Tech Update



Energy-Efficient Servo-Hydraulic Press

Monday, October 1, 2018

AP&T servo hydraulic press AP&T North America Inc. has introduced a new servo-hydraulic press, which reportedly offers short cycle times, high precision, low energy consumption and minimum need for maintenance. The press features several technical innovations. First and foremost, the hydraulic system’s control valves have been replaced by servo motors, which means that speed, position and press force are completely controlled electrically.

“The design has made it possible to limit the number of unique moving parts, cut down on oil volume, reduce pressure in the hydraulic system to a maximum of 250 bar, and eliminate the effects of any variations in oil temperature,” says Patrik Haglund, AP&T product manager-presses. “This lays the foundation for a very robust process with a high degree of availability and repeat accuracy, at the same time that the need for maintenance is substantially reduced.”

The servo-motor solution also reportedly has reduced energy consumption by 40 to 70 percent, depending on the application. Heat loss generated by pressure valves can be avoided, and some servo motors are used as generators during nonworking portions of the stroke. The press’ cushion cylinder also is operated by servo motors that work as generators. Braking energy distributes to motors used for acceleration and forming through a kinetic storage system and a central direct-current converter. Because energy stores within the press, electricity from the grid during peak loads is not required, resulting in a lower connection fee. Stored energy surpluses also can be restored to the grid.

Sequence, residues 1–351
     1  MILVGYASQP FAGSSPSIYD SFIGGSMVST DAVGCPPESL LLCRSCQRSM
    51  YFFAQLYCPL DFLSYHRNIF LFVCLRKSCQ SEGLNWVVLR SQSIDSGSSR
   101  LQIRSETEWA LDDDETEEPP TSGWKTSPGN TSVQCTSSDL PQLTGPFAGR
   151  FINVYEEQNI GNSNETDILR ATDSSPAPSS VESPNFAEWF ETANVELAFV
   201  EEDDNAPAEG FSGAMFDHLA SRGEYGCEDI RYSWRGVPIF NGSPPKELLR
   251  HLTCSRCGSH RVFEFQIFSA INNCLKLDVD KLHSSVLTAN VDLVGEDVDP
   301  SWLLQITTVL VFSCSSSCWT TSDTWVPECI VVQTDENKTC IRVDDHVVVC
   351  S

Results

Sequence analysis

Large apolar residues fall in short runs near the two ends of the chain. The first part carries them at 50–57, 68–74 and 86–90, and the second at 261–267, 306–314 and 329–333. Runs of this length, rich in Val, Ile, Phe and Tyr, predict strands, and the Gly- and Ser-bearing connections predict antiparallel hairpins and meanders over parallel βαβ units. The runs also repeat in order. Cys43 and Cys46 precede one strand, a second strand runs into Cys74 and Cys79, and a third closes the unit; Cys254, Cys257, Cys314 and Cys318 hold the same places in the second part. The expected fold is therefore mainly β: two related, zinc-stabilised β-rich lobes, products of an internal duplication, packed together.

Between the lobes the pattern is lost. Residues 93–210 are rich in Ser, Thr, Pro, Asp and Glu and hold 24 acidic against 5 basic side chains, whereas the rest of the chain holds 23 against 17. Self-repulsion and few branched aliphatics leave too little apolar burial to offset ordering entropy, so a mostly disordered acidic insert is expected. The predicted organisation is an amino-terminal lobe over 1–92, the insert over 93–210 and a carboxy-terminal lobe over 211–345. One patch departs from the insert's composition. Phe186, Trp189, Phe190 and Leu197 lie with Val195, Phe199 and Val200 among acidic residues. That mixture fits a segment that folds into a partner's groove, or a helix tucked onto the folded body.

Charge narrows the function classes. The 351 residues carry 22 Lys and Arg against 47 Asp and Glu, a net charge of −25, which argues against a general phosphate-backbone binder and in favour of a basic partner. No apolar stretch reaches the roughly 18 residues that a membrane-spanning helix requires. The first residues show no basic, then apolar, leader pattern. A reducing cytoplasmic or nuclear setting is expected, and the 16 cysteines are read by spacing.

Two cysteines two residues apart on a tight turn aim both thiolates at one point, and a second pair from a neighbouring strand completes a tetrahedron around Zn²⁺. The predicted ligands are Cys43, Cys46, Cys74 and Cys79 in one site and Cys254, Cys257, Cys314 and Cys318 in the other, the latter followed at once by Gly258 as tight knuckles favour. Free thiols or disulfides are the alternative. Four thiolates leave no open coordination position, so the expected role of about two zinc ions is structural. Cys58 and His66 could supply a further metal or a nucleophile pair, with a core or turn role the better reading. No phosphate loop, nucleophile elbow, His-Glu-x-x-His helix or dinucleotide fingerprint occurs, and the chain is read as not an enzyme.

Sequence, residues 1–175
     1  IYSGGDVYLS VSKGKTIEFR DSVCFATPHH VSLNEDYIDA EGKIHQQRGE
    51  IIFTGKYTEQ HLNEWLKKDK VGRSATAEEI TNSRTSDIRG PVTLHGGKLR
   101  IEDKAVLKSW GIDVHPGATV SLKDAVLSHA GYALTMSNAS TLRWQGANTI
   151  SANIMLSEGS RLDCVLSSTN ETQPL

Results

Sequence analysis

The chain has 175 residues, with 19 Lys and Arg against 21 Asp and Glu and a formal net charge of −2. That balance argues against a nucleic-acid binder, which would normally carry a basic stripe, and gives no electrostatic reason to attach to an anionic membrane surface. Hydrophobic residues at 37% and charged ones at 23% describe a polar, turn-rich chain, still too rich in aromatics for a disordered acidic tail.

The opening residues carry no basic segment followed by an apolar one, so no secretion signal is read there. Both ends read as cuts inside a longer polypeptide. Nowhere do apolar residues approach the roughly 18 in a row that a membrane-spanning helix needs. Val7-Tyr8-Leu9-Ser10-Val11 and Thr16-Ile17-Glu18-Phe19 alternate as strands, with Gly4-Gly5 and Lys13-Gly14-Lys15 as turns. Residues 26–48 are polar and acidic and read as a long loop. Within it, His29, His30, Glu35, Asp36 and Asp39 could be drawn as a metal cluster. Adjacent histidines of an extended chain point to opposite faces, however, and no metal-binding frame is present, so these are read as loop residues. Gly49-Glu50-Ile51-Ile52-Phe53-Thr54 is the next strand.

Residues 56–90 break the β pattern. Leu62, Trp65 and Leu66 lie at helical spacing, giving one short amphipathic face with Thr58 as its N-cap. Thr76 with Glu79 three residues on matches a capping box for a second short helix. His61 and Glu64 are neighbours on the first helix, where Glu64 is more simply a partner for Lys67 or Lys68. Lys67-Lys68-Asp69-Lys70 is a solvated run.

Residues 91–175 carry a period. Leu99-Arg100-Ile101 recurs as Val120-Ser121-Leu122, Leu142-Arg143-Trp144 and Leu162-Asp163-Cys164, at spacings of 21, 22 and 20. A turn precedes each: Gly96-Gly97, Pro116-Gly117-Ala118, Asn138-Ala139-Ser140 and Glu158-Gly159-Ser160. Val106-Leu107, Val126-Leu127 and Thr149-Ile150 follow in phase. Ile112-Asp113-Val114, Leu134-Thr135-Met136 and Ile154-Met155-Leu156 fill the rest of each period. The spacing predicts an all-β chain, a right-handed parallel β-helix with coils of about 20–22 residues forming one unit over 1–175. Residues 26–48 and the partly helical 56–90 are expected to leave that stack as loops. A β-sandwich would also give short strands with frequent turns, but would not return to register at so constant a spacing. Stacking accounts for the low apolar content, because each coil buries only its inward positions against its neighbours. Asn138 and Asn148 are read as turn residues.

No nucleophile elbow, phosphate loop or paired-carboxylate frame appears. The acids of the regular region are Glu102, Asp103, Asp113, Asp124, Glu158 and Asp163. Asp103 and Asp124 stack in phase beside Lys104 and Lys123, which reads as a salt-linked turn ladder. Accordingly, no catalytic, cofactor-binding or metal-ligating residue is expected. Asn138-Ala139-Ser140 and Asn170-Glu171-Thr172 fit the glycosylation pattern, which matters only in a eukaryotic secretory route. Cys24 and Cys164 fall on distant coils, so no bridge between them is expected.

A closed-loop system monitors the entire press process and continuously controls slide movements, quickly corrects any deviations, and ensures precise speed and position, according to company officials. Also, the system actively governs the slide’s parallelism in relation to the press table—a unique integrated function that contributes to high forming precision and less tooling wear.

“The acceleration and retardation speed is an impressive two to three times higher than that of a conventional hydraulic press, thus enabling extremely short cycle times,” Haglund says.


See also: AP&T North America Inc.

Related Enterprise Zones: Presses

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